Three must-see panel discussions

One of this year's Annual Conference panel discussions features the rescue and reintroduction of red wolves. ©Christine Majul

Three panel discussions will be featured among the more than 500 educational opportunities at The Wildlife Society 23rd Annual Conference in Raleigh, North Carolina, this October.

We recently revealed the slate of workshops that will be available, but if you missed those articles you can view the complete list at our conference website.

Over the next two weeks, we’ll be unveiling our full lineup of symposia opportunities available to you as a conference attendee. Our education and training program will continue the theme of our jointly-hosted workshop at the recent North American Wildlife and Natural Resources Conference—reconnecting wildlife science and management—while spotlighting how effective partnerships are making a big impact on wildlife management and conservation.

Registration opens on May 15, but you can check out this year’s registration options and hotel information at our conference website.

Panel Discussions

Interactions of Human-Caused Mortality, Genetic Introgression, and Management among Wild Red Wolves in NC

Organizers: Krishna Pacifici, North Carolina State University, Raleigh, NC; Scott Mills, North Carolina State University, Raleigh, NC; Roland Kays, North Carolina Museum of Natural Sciences and North Carolina State University, Raleigh, NC

Supported by: Urban Wildlife Working Group

After being nearly driven to extinction by the combination of human persecution, human-caused habitat change, and subsequent hybridization with coyotes, red wolves (Canis rufus) were rescued from extinction by the establishment of a captive breeding program in 1973. In 1987, red wolves were first released into a coyote-free (Canis latrans) area in northeastern North Carolina. But by the early 1990s coyotes began colonizing the area, and pairings between red wolves and coyotes were first detected in 1993. In 2000, a program to contain hybridization and introgression by sterilizing coyotes and removing hybrids began. Genetic assignment tests were used to determine which canids were red wolves, hybrids and coyotes. But despite these management efforts, the number of red wolves in the reintroduced population has remained around 100. Given these additional sources of uncertainty surrounding hybridization and the potential increase in introgression along with the existing challenges for survival of red wolves as individuals and a species, the success of the recovery program remains unclear. This expert panel will investigate, address and discuss two primary interrelated questions at the source of the uncertainty: (a) how does human-caused mortality affect reproductive barriers among red wolves and coyotes; and (b) at what biological point should genetic introgression prompt the delisting of red wolves? The panel will also consider broader implications of widespread hybridization for management of wildlife under the Endangered Species Act.

Handling Microaggressions in the Workplace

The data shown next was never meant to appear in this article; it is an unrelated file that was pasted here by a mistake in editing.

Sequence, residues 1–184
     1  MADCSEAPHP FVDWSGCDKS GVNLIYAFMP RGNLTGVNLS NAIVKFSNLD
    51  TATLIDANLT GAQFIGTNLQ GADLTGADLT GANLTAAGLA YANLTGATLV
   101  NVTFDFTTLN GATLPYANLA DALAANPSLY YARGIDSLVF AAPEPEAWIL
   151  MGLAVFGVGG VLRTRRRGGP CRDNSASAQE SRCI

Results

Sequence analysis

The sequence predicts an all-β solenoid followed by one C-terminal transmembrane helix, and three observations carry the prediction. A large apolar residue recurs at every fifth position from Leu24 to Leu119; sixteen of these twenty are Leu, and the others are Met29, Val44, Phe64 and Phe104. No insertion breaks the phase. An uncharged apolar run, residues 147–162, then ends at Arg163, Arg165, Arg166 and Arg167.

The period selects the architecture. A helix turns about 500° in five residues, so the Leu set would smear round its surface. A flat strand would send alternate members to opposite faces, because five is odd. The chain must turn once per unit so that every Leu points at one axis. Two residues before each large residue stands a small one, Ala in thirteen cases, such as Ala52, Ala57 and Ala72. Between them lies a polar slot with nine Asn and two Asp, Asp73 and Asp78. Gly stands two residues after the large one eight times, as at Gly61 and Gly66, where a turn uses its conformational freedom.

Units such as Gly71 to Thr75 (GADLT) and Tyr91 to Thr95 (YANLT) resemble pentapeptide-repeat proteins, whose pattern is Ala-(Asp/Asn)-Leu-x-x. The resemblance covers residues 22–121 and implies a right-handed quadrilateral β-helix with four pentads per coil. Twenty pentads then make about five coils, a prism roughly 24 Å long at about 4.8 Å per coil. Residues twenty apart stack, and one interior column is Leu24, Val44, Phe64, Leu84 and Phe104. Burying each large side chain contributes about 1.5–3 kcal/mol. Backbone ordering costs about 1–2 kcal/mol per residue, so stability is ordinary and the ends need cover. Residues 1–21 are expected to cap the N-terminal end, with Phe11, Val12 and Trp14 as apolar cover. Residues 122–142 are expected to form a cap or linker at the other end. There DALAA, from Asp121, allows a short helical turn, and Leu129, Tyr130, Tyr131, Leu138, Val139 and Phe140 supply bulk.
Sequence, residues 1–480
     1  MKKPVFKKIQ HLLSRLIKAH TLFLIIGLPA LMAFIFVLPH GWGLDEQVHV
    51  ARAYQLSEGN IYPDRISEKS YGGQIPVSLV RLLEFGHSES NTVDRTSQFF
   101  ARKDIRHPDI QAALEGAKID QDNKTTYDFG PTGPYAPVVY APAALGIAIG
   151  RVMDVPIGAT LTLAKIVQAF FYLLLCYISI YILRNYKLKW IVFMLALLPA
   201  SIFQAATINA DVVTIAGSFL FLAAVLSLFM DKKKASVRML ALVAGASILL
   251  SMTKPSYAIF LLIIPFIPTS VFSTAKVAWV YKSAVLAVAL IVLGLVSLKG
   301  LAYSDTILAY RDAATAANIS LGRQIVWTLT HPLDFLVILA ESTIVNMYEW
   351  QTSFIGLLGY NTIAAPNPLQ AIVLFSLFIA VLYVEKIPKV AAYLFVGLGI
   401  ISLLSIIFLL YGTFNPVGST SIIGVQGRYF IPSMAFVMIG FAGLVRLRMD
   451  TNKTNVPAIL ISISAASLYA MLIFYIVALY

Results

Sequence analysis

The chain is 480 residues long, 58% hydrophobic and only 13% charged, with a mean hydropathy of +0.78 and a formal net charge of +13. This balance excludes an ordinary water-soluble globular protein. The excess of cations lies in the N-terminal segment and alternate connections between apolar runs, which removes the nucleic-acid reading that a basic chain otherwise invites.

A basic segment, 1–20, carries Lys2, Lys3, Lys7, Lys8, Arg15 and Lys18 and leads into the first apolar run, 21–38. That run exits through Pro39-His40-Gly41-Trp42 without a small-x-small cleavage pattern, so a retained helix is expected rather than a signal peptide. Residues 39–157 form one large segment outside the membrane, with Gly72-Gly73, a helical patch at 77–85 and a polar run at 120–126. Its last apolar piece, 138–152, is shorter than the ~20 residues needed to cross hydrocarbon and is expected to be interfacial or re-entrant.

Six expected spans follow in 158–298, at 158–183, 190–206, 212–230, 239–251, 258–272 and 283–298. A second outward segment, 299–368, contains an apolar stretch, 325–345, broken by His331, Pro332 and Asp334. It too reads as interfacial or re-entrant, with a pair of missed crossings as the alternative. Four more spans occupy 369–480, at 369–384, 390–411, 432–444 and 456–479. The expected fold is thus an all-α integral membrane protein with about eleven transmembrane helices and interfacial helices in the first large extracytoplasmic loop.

Organizers: Misty L. Sumner, Texas Parks and Wildlife, Van Horn, TX; Jessica A. Homyack, Weyerhaeuser, Vanceboro, NC 

Supported by: Native Peoples Wildlife Management Working Group; Ethnic and Gender Diversity Working Group

This session will feature an interactive and focused discussion on handling microaggressions in the workplace that will improve workplace climate and feelings of inclusiveness. The panel will include wildlife professionals across career stages and backgrounds and a local scholar of gender studies to provide insight and knowledge into microaggressions and implicit bias. 

Climate Change and Cross-Seasonal Research Priorities for Migratory Birds

Organizers: Brad Griffith, U.S. Geological Survey (USGS), Alaska Cooperative Fish and Wildlife Research Unit, University of Alaska Fairbanks, Fairbanks, AK; Jennifer K. Roach, Institute of Arctic Biology, University of Alaska Fairbanks, Fairbanks, AK; Madeleine A. Rubenstein, USGS National Climate Change & Wildlife Science Center, Reston, VA

Supported by: USGS Alaska Climate Science Center, USGS Alaska Cooperative Fish and Wildlife Research Unit

The effects of climate change and other factors on waterfowl demography variy among seasonal ranges, and population trends result from cumulative effects throughout their annual ranges. It is unlikely that the direction or strength of climate and other effects are consistent among ranges. As a result, it is extremely difficult to unravel the most important effects on population size when potentially contrasting positive and negative influences of climate occur within a year at widely separated locations. A large-scale research framework is needed to deal with this complexity and increase the relevance, efficiency and effectiveness of management-related research. To develop a focused and integrated multi-regional and national research program, this panel of state, federal and NGO managers and researchers seeks to prioritize climate change information needs and enhance communication between researchers and managers from distant seasonal ranges. The panel will present results from 1) a questionnaire survey of state, federal and NGO managers and researchers that ranked research topics based on the direction and magnitude of expected climate effects on waterfowl demography and, thus, population sizes, and 2) four workshops that identified management-relevant knowledge gaps regarding climate effects on all migratory birds. These presentations will promote a broader discussion about 1) ways to enhance cross-seasonal communication, 2) ways to incorporate information about climate effects into ongoing efforts to develop annual life cycle models, and 3) the commonalities and differences between results from the waterfowl survey-based (specific) and all migratory bird-based (general) approaches and the situations when each approach may be most appropriate.